This is a standard image of the bodhisattva holding the (broken) stem of a lotus in his left hand and doing the varada mudra with the other.
He wears princely jewellery inlaid with clear gems, large hoops, a sacred thread, a three-leaf crown with a tall central panel, small bows and flowing ribbons. There is an unusual urna on his forehead, shaped more like a third eye. His gaze is reminiscent of Indian Pala works.
There is a lotus flower within a diamond in the palm of his hand. His dhoti is incised with a stippled motif and held in place with a belt and a sash.
Same as before.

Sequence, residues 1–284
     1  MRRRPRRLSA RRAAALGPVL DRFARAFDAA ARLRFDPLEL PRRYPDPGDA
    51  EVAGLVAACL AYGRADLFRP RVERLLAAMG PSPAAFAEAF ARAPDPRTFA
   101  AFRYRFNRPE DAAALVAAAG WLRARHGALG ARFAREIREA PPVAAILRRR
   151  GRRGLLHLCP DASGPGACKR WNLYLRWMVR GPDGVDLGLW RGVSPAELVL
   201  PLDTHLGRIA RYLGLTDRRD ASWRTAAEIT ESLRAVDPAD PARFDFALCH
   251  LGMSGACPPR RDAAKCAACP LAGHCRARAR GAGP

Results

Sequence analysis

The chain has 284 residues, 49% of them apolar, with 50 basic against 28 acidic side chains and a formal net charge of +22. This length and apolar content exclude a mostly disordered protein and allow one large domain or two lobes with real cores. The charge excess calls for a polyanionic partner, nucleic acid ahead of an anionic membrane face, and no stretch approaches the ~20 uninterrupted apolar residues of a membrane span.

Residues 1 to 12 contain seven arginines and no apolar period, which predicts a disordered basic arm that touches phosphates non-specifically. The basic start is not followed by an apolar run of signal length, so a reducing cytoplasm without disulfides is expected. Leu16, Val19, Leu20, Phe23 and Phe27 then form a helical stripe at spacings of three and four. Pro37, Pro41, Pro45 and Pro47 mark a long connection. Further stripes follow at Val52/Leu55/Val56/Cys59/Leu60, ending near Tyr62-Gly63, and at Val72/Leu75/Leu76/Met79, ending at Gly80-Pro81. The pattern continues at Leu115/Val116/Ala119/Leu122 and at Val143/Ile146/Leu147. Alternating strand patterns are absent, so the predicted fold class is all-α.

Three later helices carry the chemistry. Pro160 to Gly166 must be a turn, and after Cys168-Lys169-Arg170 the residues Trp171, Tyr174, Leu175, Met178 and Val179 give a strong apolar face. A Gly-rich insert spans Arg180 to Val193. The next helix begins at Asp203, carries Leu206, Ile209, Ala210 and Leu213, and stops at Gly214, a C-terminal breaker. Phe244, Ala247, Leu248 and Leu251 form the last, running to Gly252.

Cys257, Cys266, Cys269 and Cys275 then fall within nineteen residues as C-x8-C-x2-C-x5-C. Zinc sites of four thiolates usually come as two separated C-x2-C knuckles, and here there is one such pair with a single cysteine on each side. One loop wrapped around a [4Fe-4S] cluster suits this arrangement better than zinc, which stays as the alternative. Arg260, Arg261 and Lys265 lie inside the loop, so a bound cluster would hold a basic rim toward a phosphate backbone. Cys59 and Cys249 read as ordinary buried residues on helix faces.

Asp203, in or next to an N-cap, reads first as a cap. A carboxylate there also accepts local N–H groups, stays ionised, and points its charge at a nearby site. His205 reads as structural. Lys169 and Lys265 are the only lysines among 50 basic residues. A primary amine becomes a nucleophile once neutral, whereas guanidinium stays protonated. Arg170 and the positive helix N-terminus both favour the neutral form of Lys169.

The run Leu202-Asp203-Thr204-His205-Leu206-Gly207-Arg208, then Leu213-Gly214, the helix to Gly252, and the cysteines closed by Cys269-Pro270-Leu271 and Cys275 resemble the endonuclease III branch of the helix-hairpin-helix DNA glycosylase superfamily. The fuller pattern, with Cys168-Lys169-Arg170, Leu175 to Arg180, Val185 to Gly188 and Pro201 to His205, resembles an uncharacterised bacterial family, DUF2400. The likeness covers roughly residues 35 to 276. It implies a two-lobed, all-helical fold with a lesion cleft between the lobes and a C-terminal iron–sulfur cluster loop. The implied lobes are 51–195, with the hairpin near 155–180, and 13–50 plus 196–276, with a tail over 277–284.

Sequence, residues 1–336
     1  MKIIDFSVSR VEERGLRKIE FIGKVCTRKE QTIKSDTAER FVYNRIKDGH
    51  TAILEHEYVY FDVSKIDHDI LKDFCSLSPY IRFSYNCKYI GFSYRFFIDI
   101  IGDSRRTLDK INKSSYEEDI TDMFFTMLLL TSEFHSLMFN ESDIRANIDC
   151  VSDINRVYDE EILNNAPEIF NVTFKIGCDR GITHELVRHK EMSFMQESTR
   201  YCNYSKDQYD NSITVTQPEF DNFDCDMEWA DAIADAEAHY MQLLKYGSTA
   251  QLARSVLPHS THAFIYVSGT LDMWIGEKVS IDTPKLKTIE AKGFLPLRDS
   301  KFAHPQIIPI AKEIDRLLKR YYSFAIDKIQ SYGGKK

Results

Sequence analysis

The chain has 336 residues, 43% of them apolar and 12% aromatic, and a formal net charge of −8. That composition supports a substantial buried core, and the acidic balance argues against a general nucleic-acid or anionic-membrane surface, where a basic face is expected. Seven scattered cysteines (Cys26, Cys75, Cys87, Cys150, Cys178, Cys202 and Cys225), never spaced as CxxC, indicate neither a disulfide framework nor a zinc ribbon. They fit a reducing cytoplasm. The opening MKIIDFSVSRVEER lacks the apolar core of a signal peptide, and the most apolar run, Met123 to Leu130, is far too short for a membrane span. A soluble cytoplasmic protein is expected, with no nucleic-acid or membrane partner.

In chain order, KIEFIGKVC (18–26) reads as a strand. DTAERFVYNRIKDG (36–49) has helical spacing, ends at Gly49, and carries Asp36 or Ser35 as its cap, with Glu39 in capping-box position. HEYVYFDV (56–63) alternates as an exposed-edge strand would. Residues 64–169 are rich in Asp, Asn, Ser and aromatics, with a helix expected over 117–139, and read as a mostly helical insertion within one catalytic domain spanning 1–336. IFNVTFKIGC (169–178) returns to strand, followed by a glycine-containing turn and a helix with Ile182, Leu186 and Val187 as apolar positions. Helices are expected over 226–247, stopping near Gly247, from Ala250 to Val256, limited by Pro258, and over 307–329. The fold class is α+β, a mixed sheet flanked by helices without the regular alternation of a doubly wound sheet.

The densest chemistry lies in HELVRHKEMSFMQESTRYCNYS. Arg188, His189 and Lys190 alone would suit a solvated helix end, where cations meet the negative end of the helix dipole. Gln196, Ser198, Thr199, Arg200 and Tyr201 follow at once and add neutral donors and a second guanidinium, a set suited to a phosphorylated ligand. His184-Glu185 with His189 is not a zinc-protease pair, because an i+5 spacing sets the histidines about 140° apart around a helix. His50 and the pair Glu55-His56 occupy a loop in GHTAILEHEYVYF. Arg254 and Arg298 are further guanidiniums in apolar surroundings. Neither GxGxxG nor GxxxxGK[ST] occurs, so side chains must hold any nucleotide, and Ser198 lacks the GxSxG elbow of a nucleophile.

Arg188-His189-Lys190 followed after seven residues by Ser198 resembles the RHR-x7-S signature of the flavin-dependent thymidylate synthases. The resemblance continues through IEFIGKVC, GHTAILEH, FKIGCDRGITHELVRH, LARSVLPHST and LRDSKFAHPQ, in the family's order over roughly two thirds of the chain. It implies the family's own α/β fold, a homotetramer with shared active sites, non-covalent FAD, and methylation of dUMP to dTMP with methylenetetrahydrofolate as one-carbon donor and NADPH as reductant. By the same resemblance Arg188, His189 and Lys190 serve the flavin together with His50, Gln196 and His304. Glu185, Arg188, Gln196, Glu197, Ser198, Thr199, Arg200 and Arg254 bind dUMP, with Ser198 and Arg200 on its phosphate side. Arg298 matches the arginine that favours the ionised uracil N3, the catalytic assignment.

But for the left arm which is in a different position, this statue is very similar to one at the Cleveland Museum of Art, published in a previous post.
His dhoti is held in place with a stone-inlaid belt, complete with pleated pendant ribbon, and a sash knotted low down on one side, almost at knee level. There is an incised diamond in the palm of his hand.
He has harmonious Nepalese-style facial features with semi-closed eyes and a tear-shaped urna incised on his forehead. There is an effigy of Amitabha in his crown. His tall chignon is topped with a lotus supporting a flaming jewel. The three strands of hair on each side of his head form thick curls over his shoulders.
On occasions he does the vitarka mudra with both hands, as on the above sculpture – from which the lotus is missing and which displays a sash knotted on the right side of the bodhisattva instead of the left.